- Paul Kuharsky, ESPN Tennessee Titans reporter
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While Tennessee's playoff hopes were crushed in convincing fashion Friday night, the Titans are pushing hard to get running back Chris Johnson past the 2,000-yard rushing mark this season.
NASHVILLE, Tenn. -- For weeks, the individual and team goals neatly synchronized. For the Tennessee Titans to give themselves a shot at the playoffs, they needed to ride Chris Johnson. Riding Johnson maximized his chances at reaching 2,000 rushing yards.
After the Titans suffered a 42-17 Christmas night rout at the hands of the San Diego Chargers, the team dream is dead. The 2009 Titans will not be part of the AFC playoff field, and the best they can manage is an 8-8 record.
Talk as they might about the comeback from an 0-6 start, the Titans can take little solace in a .500 season. It won’t soothe the fact they dropped so far after recording a 13-3 mark -- the NFL’s best -- in 2008. This year’s team lost to good teams like San Diego and beat bad teams like St. Louis. It deserves to be called average.
The Titans had done well to focus forward since their bye fell after the 0-6 nightmare start. Even after a Dec. 6 loss at Indianapolis, they managed to keep faint playoff hopes alive. Now pull back and look broadly at what they’ve done, and you have to see the 0-6 start as the story of the season.
“Yeah, it is, that is very fair,” tight end Alge Crumpler said. “…We had a run that hadn’t been done before (after 0-6). We had gotten out of that catch-up mode. We were scrapping, we were fighting, our backs were in a corner, we were getting out of the situation and I didn’t see this coming. I just felt very good going into this ballgame. For it to happen like this is pissing me off.”
“You’ve got to finish, and we didn’t finish,” fullback Ahmard Hall said.
It was Vince Young’s worst game since he took over as the starter on Nov. 1. He threw two picks, lost a fumble and hit on just eight of his 21 passes for 89 yards. His 11.9 passer rating was 18.3 points worse than his previous low.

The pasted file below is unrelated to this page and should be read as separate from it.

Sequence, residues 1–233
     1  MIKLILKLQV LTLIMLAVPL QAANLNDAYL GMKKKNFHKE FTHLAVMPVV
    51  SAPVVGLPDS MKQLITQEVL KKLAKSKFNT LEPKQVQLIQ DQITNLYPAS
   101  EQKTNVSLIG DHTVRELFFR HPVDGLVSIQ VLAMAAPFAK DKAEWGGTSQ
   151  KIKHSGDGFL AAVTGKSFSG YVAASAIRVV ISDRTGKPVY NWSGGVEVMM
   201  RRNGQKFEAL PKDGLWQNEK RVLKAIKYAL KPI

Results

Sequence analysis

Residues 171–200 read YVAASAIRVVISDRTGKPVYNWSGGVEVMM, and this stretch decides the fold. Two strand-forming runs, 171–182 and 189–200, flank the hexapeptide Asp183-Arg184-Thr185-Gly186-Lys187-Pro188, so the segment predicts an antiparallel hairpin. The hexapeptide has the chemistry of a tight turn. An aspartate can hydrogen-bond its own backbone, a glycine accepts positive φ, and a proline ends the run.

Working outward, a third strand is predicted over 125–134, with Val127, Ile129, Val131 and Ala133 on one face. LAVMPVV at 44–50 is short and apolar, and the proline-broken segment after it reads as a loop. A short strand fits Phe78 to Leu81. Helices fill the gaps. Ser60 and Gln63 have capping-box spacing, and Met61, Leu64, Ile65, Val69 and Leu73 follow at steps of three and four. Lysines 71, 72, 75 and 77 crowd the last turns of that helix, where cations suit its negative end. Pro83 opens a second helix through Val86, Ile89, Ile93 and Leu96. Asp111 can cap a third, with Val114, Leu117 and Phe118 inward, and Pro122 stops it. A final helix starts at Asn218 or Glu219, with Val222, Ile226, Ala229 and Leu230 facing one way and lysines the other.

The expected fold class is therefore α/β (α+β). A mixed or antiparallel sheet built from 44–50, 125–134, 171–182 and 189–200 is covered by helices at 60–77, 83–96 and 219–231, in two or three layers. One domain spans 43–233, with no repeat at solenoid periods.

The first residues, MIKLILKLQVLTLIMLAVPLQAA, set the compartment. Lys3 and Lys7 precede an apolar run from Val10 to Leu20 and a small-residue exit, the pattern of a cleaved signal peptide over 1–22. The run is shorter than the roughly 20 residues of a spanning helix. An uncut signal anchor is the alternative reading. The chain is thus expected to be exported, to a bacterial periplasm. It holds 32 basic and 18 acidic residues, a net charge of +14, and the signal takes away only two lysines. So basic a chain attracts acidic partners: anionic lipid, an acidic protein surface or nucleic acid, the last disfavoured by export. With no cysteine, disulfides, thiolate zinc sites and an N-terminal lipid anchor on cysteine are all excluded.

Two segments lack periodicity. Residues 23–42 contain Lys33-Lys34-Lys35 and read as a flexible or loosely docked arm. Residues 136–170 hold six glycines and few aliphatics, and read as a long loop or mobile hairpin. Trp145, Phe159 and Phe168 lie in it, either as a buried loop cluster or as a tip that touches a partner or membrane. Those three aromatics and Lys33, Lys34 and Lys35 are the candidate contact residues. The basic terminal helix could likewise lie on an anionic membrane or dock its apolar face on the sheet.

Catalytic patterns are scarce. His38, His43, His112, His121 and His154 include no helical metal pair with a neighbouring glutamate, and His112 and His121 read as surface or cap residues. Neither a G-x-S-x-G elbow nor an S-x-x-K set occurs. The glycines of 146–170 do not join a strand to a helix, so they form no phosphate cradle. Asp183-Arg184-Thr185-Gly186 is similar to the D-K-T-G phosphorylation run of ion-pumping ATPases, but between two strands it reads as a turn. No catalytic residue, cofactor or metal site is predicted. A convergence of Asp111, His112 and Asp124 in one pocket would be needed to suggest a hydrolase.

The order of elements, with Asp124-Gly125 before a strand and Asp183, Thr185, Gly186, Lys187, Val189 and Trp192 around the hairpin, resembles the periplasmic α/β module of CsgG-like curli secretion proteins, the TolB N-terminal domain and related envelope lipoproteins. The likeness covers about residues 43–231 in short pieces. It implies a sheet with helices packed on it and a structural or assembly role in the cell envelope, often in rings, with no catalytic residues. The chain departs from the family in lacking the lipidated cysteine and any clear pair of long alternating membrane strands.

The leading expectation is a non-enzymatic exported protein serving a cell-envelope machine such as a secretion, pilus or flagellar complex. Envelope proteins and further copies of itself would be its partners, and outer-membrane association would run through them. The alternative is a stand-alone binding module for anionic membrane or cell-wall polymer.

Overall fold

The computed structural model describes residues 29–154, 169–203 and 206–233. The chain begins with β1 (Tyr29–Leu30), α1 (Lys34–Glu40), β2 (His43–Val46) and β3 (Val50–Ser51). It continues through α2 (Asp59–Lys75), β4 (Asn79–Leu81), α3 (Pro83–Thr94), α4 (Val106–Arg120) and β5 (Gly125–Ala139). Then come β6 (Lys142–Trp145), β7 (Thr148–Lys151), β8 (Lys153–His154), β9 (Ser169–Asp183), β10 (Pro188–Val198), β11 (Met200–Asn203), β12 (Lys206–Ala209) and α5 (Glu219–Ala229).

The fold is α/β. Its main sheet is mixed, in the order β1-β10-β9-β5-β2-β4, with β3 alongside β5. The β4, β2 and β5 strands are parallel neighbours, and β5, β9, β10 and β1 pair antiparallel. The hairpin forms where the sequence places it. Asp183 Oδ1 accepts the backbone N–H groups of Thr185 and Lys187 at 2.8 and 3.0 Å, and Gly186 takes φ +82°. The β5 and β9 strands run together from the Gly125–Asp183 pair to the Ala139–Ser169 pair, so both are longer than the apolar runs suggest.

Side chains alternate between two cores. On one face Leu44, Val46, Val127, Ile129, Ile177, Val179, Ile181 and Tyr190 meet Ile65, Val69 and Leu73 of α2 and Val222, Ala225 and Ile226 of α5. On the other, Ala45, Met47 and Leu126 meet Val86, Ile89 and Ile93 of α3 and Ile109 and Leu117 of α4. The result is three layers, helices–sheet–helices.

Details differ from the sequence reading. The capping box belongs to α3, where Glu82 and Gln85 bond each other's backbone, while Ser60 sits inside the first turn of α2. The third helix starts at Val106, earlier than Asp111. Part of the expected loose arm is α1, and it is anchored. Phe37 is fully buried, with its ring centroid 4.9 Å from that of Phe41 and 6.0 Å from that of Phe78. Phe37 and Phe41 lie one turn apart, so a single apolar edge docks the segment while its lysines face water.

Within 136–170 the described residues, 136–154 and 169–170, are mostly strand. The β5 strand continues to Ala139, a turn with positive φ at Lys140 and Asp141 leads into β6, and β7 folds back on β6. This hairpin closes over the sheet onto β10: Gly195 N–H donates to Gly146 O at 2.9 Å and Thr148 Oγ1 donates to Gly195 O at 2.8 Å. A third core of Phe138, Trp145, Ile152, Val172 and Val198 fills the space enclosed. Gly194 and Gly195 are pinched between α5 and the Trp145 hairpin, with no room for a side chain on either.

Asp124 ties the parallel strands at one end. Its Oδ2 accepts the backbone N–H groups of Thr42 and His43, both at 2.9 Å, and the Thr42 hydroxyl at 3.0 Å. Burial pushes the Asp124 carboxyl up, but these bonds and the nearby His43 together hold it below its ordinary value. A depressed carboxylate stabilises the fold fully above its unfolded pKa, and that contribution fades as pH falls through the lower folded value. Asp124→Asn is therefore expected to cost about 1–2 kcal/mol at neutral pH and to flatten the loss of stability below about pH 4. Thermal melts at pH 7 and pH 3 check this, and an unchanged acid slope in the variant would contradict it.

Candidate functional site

“Every time we did get in a rhythm, I turned the ball over,” he said.
The game featured hallmarks of a lot of other Tennessee losses: Big plays yielded by the secondary, poor red zone defense, too many penalties.
One of them, sadly, came after William Hayes was flagged 15 yards for roughing Philip Rivers. Defensive coordinator Chuck Cecil was so livid over the call, he doubled the Chargers' reward by drawing a flag for unsportsmanlike conduct. Jeff Fisher pledged he’ll “get to the bottom of it,” as if dissecting it afterward will be effective. Why is this allowed to happen in the first place?
Well before the season started in a much calmer moment, Cecil told me about how in studying a college prospect on defense he’d seen then-East Carolina star Johnson play. He chimed in to team brass, certainly already intrigued, that the running back could help the Titans more than anyone on the other side of the ball.
Considering how often the Titans were behind this year, Johnson’s bid for two grand is all the more remarkable -- though Chargers linebacker Shawne Merriman said not all of Johnson's 142 rushing yards were hard-earned.
"The game got out of hand and whatever the case is and they want to give him his yards, then that was all right with us," Merriman said.
When the Titans play in Seattle on Jan. 3, just 128 rushing yards can make Johnson the sixth player in history to reach the mark in a single season. He’s averaged 124.8 a game so far.
“That was one of my goals that I set before this year started and a lot of people didn’t even think I would get close or whatever,” Johnson said. “To get that record would mean a lot to me.”
A new all-time single-season rushing record is 234 yards away (the old Los Angeles Rams' Eric Dickerson, 2, 105 yards in 1984). Still, Johnson needs just 75 yards from scrimmage to shoot past Marshall Faulk (who gained 2,429 from scrimmage for the St. Louis Rams in 1999) for the record in that department.
While Johnson’s name goes on the individual records, it’s very much a team goal. Even Titans defenders talked about how much they want it.
Early in the season, Johnson said his offensive linemen were in line for cars if he got 2,000 rushing yards. He backed off that pretty quickly, probably after someone drew him into a discussion about the financial math, saying the storyline grew from the linemen’s plea for such a reward.
Friday night he said he’d already gotten the linemen and Crumpler gifts, but couldn’t reveal what they are.
Told that, Crumpler said: “I don’t want [expletive] unless we get 2,000.”
Earlier I talked with the veteran tight end about the improbability of Johnson even being in range.
“You tell me how you start out 0-6, you have to throw the football and you have 2,000 yards in your sights,” Crumpler said. “That shouldn’t be a part of the equation. I want to make sure when I walk off that field next Sunday that I gave it all I had to help him accomplish a goal that he set.
“I don’t take any yard for granted. But it’s attainable. And I know that coach over there [the Seahawks head coach Jim Mora Jr., who worked with Crumpler when they were Atlanta Falcons] real well and he is going to do every damn thing he can to keep him from getting it.”
NASHVILLE, Tenn. -- For weeks, the individual and team goals neatly synchronized. For the Tennessee Titans to give themselves a shot at the playoffs, they needed to ride Chris Johnson.